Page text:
Sometimes it doesn't go like that. You get a feeling this time, too. Of doom. There are no posters. No sign of any publicity. The receptionist is hostile, like every visitor is a potential paedophile, there are mutterings about CRB checks, photo I.D.. You don't have either, so you submit to a mug shot and take the pamphlet about the school's policy on Child Safety. No sign of any staff to greet you, so you sit and wait until a flustered librarian comes running round the corner, telling you that they are under Special Measures/have SATs tests/the hall is no longer available. You are in the Drama Studio which has no windows so ends up being a cross between a sauna and the Black Hole of Calcutta. Everyone has to sit on the floor, so you do a quick mental check to make sure that your Public Liability Insurance is up to date, just in case you trip over and crush the front row. The IT doesn't work - no one told us/no laptops available/we thought you were bringing yours with you. The students amble in unsupervised, sit where they like (i.e. as far you from as possible). They regard you with an indifference bordering on hostility; large swathes make an ostentatious point of paying you no attention and get on with texting/chatting/fidgeting/giggling/chewing and generally behaving as if you weren't there. The few staff who are present sit well away from their charges and get on with their marking. There are almost no questions and the ones that are asked are personal/facetious, or both. Almost nobody wants to buy books and everyone is glad to get out of there (most of all you).
Now, before I'm deluged with sympathy or messages of the 'Poor you! It never happens to me...' variety, I have to say that this does not happen very often. If it does, what to do?
1. Don't try to win them. If they have made their minds up not to 'appreciate', they won't. Finish as quickly as you can. Don't be afraid to knock it on the head. You are not contractually obliged. You aren't being paid.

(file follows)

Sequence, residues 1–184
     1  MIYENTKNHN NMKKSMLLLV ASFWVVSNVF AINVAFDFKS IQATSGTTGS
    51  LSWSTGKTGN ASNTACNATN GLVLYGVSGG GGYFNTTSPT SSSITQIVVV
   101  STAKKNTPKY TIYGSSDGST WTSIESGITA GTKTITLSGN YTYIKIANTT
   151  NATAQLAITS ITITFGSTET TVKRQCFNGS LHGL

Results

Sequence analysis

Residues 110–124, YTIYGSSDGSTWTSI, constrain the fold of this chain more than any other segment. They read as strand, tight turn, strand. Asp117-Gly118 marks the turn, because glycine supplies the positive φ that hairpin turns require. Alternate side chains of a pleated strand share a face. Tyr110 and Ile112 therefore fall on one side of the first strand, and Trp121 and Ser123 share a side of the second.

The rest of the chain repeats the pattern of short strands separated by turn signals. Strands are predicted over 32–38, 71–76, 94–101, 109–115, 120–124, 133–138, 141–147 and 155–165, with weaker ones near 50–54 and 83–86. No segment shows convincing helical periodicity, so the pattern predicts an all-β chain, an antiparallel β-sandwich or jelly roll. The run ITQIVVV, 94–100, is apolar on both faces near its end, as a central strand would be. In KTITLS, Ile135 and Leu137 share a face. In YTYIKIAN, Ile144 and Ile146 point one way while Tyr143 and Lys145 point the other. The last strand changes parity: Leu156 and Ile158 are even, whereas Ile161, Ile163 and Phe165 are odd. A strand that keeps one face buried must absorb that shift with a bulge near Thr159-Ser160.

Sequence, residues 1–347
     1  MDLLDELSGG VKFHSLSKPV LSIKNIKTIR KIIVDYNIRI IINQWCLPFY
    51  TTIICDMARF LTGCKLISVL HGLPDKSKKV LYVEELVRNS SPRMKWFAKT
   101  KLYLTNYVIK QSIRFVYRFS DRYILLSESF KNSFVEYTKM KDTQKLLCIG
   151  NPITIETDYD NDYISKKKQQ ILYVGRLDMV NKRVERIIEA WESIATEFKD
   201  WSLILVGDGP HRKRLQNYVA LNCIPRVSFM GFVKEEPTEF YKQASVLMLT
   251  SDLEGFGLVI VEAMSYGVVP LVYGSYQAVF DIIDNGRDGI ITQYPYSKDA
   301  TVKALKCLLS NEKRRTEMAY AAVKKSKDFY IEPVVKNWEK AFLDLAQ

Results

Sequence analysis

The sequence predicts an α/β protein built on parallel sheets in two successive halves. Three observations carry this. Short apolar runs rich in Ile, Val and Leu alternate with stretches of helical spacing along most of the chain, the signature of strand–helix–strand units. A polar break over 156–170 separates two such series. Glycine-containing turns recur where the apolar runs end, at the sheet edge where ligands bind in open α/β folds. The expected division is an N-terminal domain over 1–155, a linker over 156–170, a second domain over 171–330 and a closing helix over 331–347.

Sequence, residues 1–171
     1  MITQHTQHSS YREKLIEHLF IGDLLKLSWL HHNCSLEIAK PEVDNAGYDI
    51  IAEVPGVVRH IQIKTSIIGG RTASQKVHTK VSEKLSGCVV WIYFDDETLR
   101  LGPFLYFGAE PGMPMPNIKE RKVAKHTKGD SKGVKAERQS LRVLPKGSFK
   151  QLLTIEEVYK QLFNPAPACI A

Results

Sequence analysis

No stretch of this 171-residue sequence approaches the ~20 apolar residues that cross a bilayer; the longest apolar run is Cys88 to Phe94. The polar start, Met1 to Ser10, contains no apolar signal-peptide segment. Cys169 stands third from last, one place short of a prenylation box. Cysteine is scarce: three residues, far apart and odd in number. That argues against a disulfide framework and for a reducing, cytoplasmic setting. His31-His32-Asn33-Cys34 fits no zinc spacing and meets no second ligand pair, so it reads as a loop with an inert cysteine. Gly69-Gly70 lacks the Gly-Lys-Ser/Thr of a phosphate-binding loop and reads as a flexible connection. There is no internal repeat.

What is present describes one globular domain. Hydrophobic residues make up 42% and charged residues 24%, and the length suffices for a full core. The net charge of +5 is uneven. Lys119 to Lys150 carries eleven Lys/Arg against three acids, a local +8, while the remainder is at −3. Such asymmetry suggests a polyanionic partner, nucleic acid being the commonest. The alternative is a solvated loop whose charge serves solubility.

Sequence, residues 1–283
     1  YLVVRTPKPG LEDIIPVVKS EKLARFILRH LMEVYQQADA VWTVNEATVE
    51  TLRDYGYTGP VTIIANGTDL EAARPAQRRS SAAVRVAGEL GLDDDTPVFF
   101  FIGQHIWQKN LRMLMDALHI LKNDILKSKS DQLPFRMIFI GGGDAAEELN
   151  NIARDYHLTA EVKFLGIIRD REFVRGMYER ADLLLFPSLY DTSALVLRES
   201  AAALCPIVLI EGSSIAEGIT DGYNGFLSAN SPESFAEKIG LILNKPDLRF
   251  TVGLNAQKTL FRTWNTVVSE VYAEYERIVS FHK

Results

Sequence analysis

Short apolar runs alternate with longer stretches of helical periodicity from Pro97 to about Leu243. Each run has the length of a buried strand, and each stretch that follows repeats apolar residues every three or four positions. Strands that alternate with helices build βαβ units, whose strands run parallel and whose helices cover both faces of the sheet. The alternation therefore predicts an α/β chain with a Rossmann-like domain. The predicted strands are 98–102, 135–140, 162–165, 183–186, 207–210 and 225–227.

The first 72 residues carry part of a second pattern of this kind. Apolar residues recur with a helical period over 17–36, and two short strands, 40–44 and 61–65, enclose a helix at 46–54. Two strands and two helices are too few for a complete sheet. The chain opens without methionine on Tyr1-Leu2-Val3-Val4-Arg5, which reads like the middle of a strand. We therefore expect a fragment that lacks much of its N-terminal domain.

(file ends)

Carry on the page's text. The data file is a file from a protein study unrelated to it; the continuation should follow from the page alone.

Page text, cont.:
2. Don't blame yourself (even if every one around you is doing so) because if a talk works in one place in front of one audience and not in another, than how are you the problem?
3. This from Bernard Ashley (let's face it, if he's had problems, anyone can): focus on the ones who are listening, not on the ones who aren't. Don't be distracted by those not paying attention; seek out those who are and speak to them. They wanted to come and they wanted to hear you. They want to ask questions and to buy books, so screen out the rest of them. If need be, make some time after the others have gone to talk to them individually or as a small group.
These negatives are minor compared with meeting enthusiastic readers, die hard fans who lug along bags of your old titles for you to sign or produce books that belong to their friend/sister/mum. Readers who like the look of whatever book you are promoting and want to try it and, these days, those who've started reading your book on Kindle but want a signed paper copy. Keen readers who have banded together to form their own book club/blog/writers group to shine like a beacon in the philistine darkness. You don't have to shift masses of books. If one person appreciates you being there, if signing one book makes that reader feel special, then the whole thing is worthwhile.
And I've met some wonderful booksellers who have organised excellent visits because they know their patch, they know their books and they know their schools. Booksellers like Elaine and Sue at SilverDell Books in Kirkham, who gave me a Rolls Royce (or Range Rover) of a day in and around Lancaster and even found time to show me their wonderful bookshop and let me sample their homemade ice-cream. Me, books and ice cream? It could get messy...